The Discursive Construction of Peace in Post-War Sri Lanka
Conflict and peace are as much a battle between competing discourses as a fight between armed groups. It is as much carried out verbally as physically, in the media as on the battlefield. Discourse determines ‘which conflict’ and ‘whose conflict’, and ‘which peace’ and ‘whose peace’ we are talking about. It is the assumption underlying this research that discourse is highly important in the immediate post-war situation, as it is here that peace is made durable or the seeds are sown for a recurrence of war.
With the military defeat of the Liberation Tigers of Tamil Eelam on 17 May 2009,0 the Government of Sri Lanka has adopted a particular discursive representation of the past struggle, the earlier enemy and the future of Sri Lanka. That discourse seems to leave at the moment little room for dissenting voices and counter discourses, but this notwithstanding alternative voices can be heard. This study wants to build on the earlier work by Georg Frerks and Bart Klem to look into the current discourse of the government as well as other alternative or subaltern discourses with regard to peace prevailing in Sri Lanka.
The main questions addressed in this study are the following:
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- How is post-war ‘peace’ in Sri Lanka conceived and how do the different stakeholders look at the interventions contemplated by the government and other interventionists?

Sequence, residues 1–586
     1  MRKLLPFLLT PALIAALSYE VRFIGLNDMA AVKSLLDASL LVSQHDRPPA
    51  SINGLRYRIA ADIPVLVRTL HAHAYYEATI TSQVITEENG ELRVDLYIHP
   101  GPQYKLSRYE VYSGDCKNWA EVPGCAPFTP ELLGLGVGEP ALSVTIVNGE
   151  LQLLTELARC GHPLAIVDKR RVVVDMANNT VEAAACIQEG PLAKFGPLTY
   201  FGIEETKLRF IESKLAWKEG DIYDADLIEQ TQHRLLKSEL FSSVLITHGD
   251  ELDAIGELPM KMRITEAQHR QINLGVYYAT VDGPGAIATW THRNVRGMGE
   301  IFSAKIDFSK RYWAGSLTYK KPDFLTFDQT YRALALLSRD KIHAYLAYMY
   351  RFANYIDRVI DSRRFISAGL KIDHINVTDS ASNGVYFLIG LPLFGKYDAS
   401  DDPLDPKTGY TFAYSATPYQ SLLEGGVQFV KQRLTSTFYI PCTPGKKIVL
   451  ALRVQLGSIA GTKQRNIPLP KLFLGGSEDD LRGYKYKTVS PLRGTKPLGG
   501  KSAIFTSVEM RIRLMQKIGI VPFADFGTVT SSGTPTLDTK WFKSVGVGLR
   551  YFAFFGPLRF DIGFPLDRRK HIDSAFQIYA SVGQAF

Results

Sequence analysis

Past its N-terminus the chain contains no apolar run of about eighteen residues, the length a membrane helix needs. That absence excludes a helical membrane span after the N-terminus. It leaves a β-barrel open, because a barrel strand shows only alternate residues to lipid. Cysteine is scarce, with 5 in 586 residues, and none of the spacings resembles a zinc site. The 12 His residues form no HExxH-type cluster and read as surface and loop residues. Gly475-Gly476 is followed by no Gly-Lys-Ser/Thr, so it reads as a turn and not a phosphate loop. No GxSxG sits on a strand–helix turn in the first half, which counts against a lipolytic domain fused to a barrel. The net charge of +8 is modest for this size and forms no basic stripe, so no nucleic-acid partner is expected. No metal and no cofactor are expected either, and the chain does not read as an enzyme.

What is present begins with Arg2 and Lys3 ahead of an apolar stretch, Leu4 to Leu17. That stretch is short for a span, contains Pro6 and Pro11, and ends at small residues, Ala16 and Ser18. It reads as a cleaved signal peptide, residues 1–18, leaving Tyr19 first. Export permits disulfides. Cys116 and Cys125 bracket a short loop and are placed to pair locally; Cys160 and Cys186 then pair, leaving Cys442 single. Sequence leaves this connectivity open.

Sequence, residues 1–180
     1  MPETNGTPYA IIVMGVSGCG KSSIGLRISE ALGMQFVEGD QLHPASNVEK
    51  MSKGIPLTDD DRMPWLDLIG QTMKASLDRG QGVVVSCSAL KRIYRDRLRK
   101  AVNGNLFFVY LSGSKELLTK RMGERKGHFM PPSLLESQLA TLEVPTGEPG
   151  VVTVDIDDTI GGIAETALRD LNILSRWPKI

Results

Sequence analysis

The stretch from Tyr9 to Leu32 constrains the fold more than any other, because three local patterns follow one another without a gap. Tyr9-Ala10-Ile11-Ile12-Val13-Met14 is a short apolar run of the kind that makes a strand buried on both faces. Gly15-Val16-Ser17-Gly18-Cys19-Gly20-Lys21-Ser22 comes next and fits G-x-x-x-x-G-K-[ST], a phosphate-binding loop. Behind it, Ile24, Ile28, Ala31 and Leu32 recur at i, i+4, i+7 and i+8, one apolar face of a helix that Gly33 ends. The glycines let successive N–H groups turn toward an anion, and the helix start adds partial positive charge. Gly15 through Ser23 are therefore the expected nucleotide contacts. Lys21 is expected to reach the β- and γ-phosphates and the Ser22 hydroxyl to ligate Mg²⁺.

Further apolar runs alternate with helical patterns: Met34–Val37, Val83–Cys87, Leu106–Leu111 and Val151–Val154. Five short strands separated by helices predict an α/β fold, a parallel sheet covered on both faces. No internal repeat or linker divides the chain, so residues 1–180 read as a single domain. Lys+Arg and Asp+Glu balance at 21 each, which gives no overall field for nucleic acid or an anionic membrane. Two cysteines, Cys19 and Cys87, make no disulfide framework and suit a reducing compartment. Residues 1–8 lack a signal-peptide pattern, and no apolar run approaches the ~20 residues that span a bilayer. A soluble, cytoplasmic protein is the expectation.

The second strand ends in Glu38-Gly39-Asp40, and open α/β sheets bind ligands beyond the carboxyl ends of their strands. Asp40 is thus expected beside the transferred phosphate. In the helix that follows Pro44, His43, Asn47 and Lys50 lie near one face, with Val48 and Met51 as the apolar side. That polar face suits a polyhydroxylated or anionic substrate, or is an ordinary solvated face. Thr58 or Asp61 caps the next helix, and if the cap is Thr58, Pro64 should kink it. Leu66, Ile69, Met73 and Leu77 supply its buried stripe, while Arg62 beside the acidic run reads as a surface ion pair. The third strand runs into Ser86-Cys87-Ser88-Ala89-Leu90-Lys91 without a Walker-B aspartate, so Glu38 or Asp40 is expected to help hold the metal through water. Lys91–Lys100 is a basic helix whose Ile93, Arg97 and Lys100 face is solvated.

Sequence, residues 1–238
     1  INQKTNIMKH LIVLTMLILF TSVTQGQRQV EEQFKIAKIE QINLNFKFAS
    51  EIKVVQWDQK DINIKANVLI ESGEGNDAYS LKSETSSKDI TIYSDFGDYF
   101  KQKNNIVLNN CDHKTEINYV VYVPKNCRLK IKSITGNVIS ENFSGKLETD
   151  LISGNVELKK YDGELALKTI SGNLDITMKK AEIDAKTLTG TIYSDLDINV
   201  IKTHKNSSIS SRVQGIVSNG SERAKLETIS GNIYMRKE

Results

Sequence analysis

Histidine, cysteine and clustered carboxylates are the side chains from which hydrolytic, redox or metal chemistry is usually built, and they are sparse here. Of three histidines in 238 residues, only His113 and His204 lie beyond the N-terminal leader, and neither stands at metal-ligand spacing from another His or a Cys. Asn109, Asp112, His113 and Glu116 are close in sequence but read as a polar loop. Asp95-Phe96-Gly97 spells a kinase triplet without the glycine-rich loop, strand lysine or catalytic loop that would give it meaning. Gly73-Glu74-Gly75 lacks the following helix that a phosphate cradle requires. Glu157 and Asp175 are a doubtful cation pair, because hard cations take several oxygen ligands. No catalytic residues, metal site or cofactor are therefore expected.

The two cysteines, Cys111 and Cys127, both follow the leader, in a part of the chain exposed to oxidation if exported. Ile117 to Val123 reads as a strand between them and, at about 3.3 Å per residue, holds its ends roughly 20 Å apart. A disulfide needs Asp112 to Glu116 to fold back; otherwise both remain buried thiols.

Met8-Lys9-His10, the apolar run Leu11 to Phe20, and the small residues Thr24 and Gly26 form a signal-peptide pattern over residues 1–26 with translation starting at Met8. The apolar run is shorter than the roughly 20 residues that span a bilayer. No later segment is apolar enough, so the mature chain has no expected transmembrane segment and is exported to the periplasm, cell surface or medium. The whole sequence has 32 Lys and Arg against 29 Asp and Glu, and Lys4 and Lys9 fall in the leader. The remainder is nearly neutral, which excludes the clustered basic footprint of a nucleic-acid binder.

- What discursive strategies, practices and representations do these different stakeholders use with regard to post-war ‘peace’ in Sri Lanka?
- Which counter-discourses have emerged in response to the hegemonic discourse by the government?
- How can discourse analysis help design strategies to deal with post-war peace building and conflict transformation?
The study aims at filling important empirical knowledge gaps, work with a discursive analytical framework analysing Sri Lankan materials and at improving policy practice. it is intended to start with a first phase focusing on the discourses used by the government.
The study will last from December 2012 till December 2015. The first phase from December 2012 till December 2013 will concentrate on the government’s discourse and might also be used to expand the project and seek additional funding. The second and third phase focus on other stakeholders and will also be used to carry out a small survey, next to the qualitative work done earlier.
[frame bgcolor=”#db6c1d” version=”dark”](In collaboration with Wageningen University, Netherlands)
Principle Researcher: Goerg Frerks
Co-Researcher – Nadia Augustyniak and Chulani Kodikara
Duration: December 2012 – December 2015